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Don’t Drown in Credit Card Debt

Posted by Advocate Debt Relief Team

2 years ago / April 4, 2022

Imagine being on a boat under clear blue skies. The cool ocean beckons as sweat runs down your face. Refreshed after a head first dive you notice one thing missing, the boat. Barely treading water, no land in sight, panic sets in. Credit card debt can feel a lot like this scenario.

Credit cards can be a slippery slope. Great for unexpected emergencies, but easy access to money we don’t have can be tempting. Overspending and high-interest rates can lead to a downward spiral that leaves us stranded at sea without a life raft.

5 Strategies to swim ahead

The key to eliminating credit card debt is two fold: know how it works and make a sustainable plan. When you craft a plan, keep in mind these strategies that will keep you afloat and make forward progress.

Negotiate with creditors

Before you pick up the phone, understand some of the common settlement options and which one might best fit your situation. 

  • Workout agreement — Allows you to ask the credit card company to reduce the minimum monthly payment, lower your interest rate, or remove past late fees. If money is coming in, but not fast enough to keep up with those high payments, this could be a viable option.
  • Lump-sum settlement — In the event you have access to excess cash, you may be able to have the credit card company reduce your debt only to the principal you owe.
  • Hardship plan — This plan is designed for temporary setbacks like the loss of a job or serious illness. The credit card company might lower your minimum payment, interest rates, and fees.

One at a time

Target one credit card at a time, but make sure you pay at least the minimum on each card. If you don’t make those minimum payments it can impact your credit score and cost a lot more in interest.

One of the fastest ways to get rid of the debt is to take the debt snowball approach. It’s a great way to gain momentum and lessen the panic associated with high interest credit cards. The strategy is to take the smallest balance, regardless of interest rate, and pay it off as quickly as possible. Still making the minimum payments on the other cards, swim with all your might to make extra payments on the smallest one. When that bill is paid off, rinse and repeat.

Pay extra

Easier said than done, but paying over the minimum has a number of benefits. For one, every dollar paid over the minimum payment goes toward the balance. The ratio of credit card balance to credit limit is called credit utilization — a big part of your credit score. The lower the balance relative to the credit limit, the better the score.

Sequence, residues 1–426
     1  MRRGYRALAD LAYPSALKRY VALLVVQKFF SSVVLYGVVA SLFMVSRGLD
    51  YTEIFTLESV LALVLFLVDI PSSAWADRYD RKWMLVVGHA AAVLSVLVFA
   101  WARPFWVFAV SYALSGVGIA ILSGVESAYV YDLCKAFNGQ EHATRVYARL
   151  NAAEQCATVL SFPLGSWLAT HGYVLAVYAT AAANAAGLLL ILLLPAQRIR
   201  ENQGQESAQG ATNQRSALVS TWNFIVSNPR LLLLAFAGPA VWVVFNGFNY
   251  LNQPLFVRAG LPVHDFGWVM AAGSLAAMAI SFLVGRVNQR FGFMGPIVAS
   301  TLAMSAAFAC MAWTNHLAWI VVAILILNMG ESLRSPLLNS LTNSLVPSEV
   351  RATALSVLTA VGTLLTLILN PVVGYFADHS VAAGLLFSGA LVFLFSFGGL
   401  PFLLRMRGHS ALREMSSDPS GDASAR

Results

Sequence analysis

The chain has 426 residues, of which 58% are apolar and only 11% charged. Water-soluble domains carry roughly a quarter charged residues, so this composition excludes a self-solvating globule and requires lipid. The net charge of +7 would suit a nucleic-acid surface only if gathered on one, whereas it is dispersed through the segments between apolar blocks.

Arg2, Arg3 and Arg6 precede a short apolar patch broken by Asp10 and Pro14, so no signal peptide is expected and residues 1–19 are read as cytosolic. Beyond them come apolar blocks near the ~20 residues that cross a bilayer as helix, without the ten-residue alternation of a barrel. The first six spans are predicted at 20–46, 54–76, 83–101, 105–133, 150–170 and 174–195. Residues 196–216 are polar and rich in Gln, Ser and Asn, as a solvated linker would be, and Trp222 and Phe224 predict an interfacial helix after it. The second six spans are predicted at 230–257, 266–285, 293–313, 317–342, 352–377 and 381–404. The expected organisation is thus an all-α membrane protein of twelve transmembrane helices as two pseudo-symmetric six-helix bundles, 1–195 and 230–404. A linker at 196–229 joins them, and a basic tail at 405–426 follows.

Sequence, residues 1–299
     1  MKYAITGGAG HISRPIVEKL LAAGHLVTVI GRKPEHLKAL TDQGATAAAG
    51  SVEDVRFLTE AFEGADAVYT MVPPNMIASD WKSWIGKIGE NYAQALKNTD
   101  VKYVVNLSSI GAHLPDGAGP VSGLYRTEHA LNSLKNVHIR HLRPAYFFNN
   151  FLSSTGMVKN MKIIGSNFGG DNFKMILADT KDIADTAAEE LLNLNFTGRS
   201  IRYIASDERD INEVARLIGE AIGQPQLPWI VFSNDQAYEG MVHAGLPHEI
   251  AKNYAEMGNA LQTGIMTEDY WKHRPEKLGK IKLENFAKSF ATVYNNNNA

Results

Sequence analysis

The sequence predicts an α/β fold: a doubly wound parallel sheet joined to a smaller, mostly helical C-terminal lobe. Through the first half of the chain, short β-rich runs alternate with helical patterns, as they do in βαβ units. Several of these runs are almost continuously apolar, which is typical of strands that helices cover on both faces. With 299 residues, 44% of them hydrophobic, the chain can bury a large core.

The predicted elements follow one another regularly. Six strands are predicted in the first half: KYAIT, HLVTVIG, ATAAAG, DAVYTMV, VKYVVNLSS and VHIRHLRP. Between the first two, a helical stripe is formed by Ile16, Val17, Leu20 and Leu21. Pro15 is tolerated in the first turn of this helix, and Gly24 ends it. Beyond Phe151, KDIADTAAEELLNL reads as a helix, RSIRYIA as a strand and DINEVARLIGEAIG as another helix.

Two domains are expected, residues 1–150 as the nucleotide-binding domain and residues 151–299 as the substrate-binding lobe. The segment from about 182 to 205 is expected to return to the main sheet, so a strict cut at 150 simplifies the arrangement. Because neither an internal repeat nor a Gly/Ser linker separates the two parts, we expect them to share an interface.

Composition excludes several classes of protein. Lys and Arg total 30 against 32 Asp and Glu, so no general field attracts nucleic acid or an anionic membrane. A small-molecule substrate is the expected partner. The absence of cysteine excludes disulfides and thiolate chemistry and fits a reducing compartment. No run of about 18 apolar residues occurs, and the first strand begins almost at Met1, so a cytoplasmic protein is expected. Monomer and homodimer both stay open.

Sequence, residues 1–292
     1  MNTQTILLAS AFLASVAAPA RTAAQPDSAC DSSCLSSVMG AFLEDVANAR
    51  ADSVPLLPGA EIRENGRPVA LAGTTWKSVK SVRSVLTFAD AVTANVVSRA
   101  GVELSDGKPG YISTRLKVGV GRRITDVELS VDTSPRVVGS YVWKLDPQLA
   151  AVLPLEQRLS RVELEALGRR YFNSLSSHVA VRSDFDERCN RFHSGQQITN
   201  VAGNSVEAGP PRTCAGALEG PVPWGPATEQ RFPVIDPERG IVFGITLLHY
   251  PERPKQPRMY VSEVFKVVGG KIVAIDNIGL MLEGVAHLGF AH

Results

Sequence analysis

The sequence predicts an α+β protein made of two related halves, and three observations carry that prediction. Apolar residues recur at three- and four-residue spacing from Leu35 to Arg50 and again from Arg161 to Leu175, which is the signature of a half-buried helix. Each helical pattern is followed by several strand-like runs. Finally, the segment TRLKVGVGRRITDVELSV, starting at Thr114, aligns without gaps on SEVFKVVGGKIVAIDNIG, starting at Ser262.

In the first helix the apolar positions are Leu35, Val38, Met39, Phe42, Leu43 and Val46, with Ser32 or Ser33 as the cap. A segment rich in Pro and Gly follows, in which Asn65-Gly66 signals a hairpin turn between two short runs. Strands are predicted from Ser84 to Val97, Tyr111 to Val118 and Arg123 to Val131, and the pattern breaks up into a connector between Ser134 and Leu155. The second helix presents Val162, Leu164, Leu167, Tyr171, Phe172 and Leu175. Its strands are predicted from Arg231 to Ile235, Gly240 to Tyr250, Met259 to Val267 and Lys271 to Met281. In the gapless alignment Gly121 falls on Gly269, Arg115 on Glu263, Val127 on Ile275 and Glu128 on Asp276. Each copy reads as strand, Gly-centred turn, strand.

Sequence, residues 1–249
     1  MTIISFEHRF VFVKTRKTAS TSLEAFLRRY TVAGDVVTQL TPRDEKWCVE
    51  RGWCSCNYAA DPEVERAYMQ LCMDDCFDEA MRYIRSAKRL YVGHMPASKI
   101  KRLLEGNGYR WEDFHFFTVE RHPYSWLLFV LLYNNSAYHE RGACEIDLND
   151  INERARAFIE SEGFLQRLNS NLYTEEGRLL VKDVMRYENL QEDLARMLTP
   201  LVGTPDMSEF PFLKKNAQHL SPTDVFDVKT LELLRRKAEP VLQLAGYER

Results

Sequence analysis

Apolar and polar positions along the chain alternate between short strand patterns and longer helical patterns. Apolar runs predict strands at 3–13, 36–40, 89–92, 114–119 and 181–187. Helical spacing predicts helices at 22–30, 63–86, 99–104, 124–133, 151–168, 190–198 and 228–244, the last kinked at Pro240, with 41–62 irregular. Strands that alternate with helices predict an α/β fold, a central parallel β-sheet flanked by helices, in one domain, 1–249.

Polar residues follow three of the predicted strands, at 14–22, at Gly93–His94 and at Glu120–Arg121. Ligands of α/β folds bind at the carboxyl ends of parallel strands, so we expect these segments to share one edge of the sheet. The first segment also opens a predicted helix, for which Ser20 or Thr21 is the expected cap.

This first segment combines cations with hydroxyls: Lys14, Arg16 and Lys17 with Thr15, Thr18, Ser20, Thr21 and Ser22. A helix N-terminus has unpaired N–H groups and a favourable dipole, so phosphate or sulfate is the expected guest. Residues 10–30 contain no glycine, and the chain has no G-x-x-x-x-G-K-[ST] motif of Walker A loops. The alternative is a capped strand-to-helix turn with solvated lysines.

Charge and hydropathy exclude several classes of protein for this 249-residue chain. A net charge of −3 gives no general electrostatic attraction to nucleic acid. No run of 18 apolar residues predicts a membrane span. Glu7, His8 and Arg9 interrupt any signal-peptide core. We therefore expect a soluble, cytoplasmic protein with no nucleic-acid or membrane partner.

Another tactic is making multiple payments, over the minimum payment, per month. It might be worth looking into how your credit card calculates your finance charge, but it’s possible to save on interest this way. To reduce the hassle, set up automatic direct payments with your bank account.

Consolidate, if appropriate

One simple payment is a lot easier to manage than multiple payments, all with different interest rates and minimum payments. There are a number of methods to consolidate credit card debt, but it’s important to be sure it’s the right move for your situation.

  • Credit card refinancing — This transfers the debt to a credit card that charges no interest for a period of time, typically 12 to 18 months. It requires a good credit score and it’s important to be aggressive with paying the balance within that promotional period or you could end up in a worse financial position as all the accrued interest will be added to your balance.
  • Credit card consolidation loan — An unsecured personal loan with a fixed interest rate could be a good option. It can be difficult to get one with bad credit and the interest is extremely high.
  • Home equity loan — Homeowners can get a lump-sum loan with a fixed interest rate to pay off the credit cards, if there is equity in the home. Don’t default on those payments because you could lose your home if you do.
  • 401(k) loan — This is a more risky option because it could reduce your retirement fund. The benefit is that it won’t show up on your credit report and they’re usually lower interest rates than unsecured loans.

Work With A Debt Relief Company

A debt relief company is certified and trained in the areas of consumer credit, debt management, and budgeting. They will discuss your financial situation and help with a personalized plan to get on the right track.

Don’t allow yourself to drown in a sea of credit card debt. It can feel lonely and quite frankly terrifying, but it doesn’t have to be. Take some time to weigh the options, partner with a professional if necessary, make a plan, and swim forward.

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Filed Under: Debt Relief